[Rachelle Akuffo] And thank you too, Valeria, and thank you to Hanan again for sharing your inspiring stories and for continuing to beat the odds. I just want to remind you that throughout the program you can share your thoughts online using the hashtag #WBmeetings and you can submit your questions online at worldbank.org. Before diving into our next panel discussion, let's take a look at a brief video that highlights the importance of accelerating gender equality. [Video speaker] Gender equality is an urgent priority. It is both a fundamental human right and essential for global development. Removing barriers to gender equality can unlock economic productivity, reduce poverty, deepen social cohesion, and enhance well-being for current and future generations. Yet achieving gender equality is challenging and complex and requires collective action. The world is experiencing an unprecedented set of crises, pandemics, economic downturns, climate change, conflict, all of which have greater negative impact on women, girls, sexual and gender minorities, and marginalized groups. We have the power to change this. That is why we are taking bold action to end gender-based violence, elevate human capital, expand and enable women's economic opportunities, including through access to services like childcare, and engage more women as leaders. Studies estimate economic gains of five to six trillion dollars. If women started and scaled new businesses at the same rate that men do, closing employment gaps between women and men could yield as much as a 20% increase in GDP per capita. No country, community or economy can achieve its potential or meet the challenges of the 21st century without the full and equal participation of everyone. Join us as we work to accelerate gender equality to create a more peaceful, prosperous and livable world for all. [Audience applauds]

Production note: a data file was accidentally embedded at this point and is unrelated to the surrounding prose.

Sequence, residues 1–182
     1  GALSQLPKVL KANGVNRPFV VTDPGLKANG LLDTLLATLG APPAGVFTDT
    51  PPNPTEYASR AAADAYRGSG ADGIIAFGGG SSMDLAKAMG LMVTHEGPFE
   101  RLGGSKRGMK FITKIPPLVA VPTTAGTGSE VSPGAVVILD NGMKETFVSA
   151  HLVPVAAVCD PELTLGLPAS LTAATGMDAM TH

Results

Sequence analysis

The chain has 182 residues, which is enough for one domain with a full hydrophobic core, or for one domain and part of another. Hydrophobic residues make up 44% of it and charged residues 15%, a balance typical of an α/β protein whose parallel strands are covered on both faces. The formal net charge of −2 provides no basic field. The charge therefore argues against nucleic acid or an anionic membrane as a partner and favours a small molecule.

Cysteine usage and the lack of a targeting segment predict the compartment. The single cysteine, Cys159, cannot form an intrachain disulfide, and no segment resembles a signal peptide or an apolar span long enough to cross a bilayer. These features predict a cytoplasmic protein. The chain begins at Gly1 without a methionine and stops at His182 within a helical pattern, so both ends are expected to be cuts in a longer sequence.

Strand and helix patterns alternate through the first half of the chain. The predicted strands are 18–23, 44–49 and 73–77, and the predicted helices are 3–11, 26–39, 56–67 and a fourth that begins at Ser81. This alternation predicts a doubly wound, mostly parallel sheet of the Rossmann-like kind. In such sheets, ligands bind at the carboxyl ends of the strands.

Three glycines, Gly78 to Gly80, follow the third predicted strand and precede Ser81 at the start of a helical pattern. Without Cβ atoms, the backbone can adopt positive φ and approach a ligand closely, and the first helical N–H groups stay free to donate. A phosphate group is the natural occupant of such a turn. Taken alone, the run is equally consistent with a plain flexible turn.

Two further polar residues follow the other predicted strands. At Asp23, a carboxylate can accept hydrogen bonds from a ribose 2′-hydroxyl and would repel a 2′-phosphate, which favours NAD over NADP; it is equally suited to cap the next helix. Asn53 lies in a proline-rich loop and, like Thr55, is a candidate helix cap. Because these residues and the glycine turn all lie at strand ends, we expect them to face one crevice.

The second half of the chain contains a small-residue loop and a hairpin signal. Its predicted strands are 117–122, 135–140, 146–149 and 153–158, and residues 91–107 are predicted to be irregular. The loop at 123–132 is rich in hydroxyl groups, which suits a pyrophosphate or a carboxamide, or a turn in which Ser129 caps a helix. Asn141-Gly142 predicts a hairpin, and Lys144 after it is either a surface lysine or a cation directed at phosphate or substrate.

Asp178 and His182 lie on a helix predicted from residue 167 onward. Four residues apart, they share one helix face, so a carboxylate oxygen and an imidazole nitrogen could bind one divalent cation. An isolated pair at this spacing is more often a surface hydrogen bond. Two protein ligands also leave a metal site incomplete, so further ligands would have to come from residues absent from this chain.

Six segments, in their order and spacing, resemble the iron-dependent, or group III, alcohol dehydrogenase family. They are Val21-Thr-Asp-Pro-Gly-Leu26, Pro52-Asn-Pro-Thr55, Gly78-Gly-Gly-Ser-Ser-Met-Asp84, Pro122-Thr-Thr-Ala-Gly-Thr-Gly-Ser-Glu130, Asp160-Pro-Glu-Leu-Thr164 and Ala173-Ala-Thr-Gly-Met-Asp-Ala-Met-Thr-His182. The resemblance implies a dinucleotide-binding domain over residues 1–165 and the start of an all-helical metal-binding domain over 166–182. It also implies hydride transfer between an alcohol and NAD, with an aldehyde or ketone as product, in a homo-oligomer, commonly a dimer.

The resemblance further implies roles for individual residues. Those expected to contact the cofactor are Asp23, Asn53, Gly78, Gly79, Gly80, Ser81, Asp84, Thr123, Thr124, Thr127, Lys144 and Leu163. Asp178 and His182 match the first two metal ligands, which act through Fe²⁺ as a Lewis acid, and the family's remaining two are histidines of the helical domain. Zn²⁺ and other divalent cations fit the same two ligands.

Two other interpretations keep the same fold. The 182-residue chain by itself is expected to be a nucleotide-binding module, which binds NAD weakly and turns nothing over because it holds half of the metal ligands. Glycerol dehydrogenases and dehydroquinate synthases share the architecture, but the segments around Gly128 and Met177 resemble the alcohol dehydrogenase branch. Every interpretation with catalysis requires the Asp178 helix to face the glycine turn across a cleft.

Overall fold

[Rachelle Akuffo] Now, let's turn to private sector and civil society leaders on some of the most innovative programs that put more financing and resources in the hands of women. Joining us now on this panel, Miss Leïla Doukali, National President of the Association of Women Business Leaders of Morocco. Miss Ruth Zaipuna, CEO of NMB Bank. Mr. Andrew Torre, Regional President for Central and Eastern Europe, the Middle East and Africa at Visa, and Miss Faith Lumonya, Economic Justice and Climate Action Lead at Akina Mama wa, Africa. Welcome to you all. Thank you so much. [Audience applauds] So, Leïla, I want to first kick things off with you. Talk us through how AFEM supports women entrepreneurs and what examples, give us a few that you can share about how associations like yours really harness their collective action to foster innovation.